Jesus fed the 5,000. When they wanted make him king by force, he went into the hills, and the disciples got into a boat to cross the northern part of the Sea of Galilee to the town of Capernaum. Jesus in John 6:16-27 was absent not only from the crowds, but he was also from the disciples, who started to sail across the lake without him in the dark. John emphasizes that Jesus had not joined them. Why was Jesus absent from the disciples? Just as the crowd had to learn that Jesus was not an earthly king who would fight the Romans, the disciples had to learn who Jesus really was.
Although some of the disciples were fishermen, familiar with boats and with that lake, they got into trouble. Strong winds come up suddenly on that lake. Rowing in the rough water, they had sailed only a little more than three miles. They seem overwhelmed by darkness and the storm. The glory of Jesus seems to have been replaced by darkness. (This is a different miracle than the one in which Jesus was sleeping in the boat when a storm came up.) Sometimes Jesus uses the most difficult and challenging things in your life and in the life of the church to teach you to understand who he really is.
Suddenly the disciples saw Jesus approaching them, walking on the water. John does not give some of the details that Matthew 14 and Mark 6 do, such as Peter walking on the water to meet Jesus or the amazement of the disciples. Rather, John focuses on Jesus, showing you who he really is.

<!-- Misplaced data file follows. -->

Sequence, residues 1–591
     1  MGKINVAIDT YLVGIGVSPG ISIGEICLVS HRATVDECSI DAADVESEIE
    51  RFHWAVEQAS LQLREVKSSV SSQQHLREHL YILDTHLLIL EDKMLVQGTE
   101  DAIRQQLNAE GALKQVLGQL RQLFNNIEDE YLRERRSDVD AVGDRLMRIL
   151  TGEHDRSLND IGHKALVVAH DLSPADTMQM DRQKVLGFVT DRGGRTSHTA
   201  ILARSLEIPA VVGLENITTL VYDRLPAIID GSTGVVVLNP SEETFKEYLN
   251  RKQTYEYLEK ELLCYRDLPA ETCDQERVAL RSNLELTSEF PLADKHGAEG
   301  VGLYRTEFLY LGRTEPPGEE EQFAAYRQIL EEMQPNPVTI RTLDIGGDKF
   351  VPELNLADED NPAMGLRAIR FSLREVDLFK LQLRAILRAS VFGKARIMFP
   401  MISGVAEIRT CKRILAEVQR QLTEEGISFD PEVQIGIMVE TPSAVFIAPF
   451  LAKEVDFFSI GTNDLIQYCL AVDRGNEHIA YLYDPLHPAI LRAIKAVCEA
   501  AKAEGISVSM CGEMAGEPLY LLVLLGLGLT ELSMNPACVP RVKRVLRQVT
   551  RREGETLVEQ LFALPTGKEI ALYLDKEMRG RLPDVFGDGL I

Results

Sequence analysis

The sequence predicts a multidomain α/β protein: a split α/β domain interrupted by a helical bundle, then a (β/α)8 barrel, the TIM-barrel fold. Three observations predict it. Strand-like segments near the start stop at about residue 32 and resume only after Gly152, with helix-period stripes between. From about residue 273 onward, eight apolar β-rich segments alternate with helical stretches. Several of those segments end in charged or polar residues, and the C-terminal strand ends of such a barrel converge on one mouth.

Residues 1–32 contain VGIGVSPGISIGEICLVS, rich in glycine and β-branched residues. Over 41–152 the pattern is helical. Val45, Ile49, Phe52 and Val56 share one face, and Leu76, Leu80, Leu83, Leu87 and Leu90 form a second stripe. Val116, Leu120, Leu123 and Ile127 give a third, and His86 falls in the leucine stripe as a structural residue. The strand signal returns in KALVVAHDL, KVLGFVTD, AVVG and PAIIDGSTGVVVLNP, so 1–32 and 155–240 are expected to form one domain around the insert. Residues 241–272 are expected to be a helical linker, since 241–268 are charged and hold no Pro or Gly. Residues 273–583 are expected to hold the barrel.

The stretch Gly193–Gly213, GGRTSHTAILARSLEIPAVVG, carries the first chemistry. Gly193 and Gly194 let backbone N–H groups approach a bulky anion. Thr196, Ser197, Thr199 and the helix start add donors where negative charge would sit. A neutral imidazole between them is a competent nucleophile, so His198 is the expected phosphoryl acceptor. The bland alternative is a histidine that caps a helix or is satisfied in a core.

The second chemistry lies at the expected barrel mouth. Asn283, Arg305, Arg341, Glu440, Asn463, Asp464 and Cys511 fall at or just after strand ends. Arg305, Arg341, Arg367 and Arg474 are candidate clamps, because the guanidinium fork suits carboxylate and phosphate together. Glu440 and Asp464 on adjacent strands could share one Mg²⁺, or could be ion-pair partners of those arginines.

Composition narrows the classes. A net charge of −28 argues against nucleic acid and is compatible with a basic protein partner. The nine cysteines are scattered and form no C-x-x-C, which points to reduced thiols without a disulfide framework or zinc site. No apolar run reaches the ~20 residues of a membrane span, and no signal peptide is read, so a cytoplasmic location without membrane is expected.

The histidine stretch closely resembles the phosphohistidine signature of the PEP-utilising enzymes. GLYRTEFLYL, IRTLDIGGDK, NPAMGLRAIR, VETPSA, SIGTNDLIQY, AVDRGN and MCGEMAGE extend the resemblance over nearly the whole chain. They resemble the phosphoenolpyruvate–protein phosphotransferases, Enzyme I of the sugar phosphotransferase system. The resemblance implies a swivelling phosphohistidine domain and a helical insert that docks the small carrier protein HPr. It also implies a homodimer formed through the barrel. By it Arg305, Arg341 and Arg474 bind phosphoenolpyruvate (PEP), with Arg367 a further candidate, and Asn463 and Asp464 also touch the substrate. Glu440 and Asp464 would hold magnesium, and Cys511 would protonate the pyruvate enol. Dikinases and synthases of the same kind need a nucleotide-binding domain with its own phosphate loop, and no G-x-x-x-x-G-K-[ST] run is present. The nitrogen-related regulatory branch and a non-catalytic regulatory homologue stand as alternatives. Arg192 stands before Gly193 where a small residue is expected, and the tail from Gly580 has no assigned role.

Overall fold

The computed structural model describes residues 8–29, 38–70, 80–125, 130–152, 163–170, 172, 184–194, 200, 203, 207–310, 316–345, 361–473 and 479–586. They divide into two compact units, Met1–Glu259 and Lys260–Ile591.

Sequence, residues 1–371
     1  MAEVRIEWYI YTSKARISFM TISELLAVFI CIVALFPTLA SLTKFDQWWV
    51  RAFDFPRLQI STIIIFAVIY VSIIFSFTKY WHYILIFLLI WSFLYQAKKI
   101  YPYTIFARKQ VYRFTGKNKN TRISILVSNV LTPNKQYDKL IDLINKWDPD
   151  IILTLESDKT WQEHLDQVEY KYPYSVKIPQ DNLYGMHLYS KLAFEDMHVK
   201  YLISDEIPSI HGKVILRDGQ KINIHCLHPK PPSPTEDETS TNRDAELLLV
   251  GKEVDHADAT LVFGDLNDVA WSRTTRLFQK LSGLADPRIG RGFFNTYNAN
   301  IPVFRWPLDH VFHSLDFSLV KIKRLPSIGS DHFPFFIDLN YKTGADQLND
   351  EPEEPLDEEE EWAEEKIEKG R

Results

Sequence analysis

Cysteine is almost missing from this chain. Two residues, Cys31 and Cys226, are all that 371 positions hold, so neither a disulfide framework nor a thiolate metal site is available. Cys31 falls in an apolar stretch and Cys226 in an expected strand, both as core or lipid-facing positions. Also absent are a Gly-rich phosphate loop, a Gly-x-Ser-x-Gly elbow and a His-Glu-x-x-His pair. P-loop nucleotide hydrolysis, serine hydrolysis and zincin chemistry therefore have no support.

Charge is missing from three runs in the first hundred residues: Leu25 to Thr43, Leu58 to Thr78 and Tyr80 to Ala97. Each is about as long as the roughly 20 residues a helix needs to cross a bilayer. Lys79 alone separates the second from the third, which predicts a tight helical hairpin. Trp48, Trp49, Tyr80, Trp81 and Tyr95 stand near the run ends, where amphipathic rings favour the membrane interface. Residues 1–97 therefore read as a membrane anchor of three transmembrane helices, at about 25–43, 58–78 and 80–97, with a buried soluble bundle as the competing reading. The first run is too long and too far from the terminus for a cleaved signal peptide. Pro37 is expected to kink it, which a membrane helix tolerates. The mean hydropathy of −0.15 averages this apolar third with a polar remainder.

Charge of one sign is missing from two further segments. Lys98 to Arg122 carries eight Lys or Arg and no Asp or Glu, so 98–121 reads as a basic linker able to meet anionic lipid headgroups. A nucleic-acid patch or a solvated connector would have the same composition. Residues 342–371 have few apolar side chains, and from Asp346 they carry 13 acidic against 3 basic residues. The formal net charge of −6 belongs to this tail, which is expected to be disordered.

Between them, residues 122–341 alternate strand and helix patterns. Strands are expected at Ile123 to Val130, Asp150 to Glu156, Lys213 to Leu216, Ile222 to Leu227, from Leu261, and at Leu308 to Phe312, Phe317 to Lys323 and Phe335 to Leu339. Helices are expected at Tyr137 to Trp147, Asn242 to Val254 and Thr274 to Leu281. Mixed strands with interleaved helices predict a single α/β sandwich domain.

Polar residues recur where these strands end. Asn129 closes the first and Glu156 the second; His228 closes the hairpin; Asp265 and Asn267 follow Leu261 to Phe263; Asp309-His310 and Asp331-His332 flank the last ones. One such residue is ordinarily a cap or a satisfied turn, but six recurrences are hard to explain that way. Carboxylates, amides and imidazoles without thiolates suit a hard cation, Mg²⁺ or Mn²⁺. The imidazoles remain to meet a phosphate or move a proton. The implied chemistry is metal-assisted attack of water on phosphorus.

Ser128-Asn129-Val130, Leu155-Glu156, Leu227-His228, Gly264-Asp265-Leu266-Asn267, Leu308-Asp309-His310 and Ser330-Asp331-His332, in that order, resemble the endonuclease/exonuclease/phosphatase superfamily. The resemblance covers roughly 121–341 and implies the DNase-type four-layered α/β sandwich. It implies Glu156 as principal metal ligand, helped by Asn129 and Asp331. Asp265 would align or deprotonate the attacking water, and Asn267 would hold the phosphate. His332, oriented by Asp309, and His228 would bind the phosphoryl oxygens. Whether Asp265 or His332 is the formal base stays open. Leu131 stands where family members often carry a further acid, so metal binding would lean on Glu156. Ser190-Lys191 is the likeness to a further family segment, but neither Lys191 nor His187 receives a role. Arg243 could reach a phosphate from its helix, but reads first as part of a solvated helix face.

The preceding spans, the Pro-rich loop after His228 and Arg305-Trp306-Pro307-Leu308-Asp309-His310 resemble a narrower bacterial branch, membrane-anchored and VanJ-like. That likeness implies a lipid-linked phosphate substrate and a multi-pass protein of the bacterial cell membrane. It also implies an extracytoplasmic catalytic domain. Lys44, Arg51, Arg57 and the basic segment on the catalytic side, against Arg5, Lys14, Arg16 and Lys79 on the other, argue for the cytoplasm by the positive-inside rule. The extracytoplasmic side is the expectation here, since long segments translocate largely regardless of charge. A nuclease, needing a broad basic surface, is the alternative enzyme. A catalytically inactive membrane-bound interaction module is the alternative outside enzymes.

Psalm 139 reassures you (comforting for the believer, but terrifying for those who reject Christ) that you cannot flee from God’s presence. No matter how far you go, he is with you. The disciples should have been comforted. But that is not the only Psalm that must have come to mind that night. Remember that John emphasized that this was the time of the Passover. God had led his people out of Egypt through the waters of the sea. He had stopped the flow of the Jordan to bring them into the promised land. Psalm 77:19 celebrated that event:
Your path led through the sea,
your way through the mighty waters,
though your footprints were not seen.
The disciples in the boat on the stormy sea saw Jesus walking, not around the lake, but towards them on the water. Jesus makes clear that he is not just an earthly king. He is God himself, coming to redeem his people. When John records that the disciples saw him, he echoes what he wrote in John 1:14, “We have seen his glory.”
Jesus is about to give an extensive sermon on himself as the bread of life. That message will contain some difficult material about feeding on Jesus. But before he gets to that, Jesus shows the disciples who he really is. Herman Ridderbos comments:
They [the disciples] are confronted by another reality, one in which all glory departs from them; darkness and waves tower over them while the safe shore of the other side is still at a distance. In that situation Jesus reveals to them in the absoluteness of his messianic power and authority. . . . And it is faith in that identity to which he wants to lead his disciples, even when they might have to follow him not in the light of his glory but along other roads and under the threat of other powers.